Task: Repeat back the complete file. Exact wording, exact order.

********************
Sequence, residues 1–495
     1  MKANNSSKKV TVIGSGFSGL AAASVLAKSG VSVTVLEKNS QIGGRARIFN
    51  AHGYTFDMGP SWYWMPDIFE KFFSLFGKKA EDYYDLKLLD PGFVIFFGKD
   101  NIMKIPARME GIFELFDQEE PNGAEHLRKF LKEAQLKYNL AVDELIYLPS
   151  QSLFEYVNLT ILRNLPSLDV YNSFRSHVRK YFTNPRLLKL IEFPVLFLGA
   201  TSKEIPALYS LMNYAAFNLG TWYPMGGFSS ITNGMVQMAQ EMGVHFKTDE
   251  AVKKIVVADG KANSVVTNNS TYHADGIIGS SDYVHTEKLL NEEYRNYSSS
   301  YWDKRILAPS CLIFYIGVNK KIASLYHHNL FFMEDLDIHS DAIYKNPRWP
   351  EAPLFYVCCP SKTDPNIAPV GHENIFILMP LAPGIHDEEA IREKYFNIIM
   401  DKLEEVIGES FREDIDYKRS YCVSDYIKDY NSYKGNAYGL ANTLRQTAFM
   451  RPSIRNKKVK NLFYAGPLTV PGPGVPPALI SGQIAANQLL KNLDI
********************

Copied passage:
Sequence, residues 1–495
     1  MKANNSSKKV TVIGSGFSGL AAASVLAKSG VSVTVLEKNS QIGGRARIFN
    51  AHGYTFDMGP SWYWMPDIFE KFFSLFGKKA EDYYDLKLLD PGFVIFFGKD
   101  NIMKIPARME GIFELFDQEE PNGAEHLRKF LKEAQLKYNL AVDELIYLPS
   151  QSLFEYVNLT ILRNLPSLDV YNSFRSHVRK YFTNPRLLKL IEFPVLFLGA
   201  TSKEIPALYS LMNYAAFNLG TWYPMGGFSS ITNGMVQMAQ EMGVHFKTDE
   251  AVKKIVVADG KANSVVTNNS TYHADGIIGS SDYVHTEKLL NEEYRNYSSS
   301  YWDKRILAPS CLIFYIGVNK KIASLYHHNL FFMEDLDIHS DAIYKNPRWP
   351  EAPLFYVCCP SKTDPNIAPV GHENIFILMP LAPGIHDEEA IREKYFNIIM
   401  DKLEEVIGES FREDIDYKRS YCVSDYIKDY NSYKGNAYGL ANTLRQTAFM
   451  RPSIRNKKVK NLFYAGPLTV PGPGVPPALI SGQIAANQLL KNLDI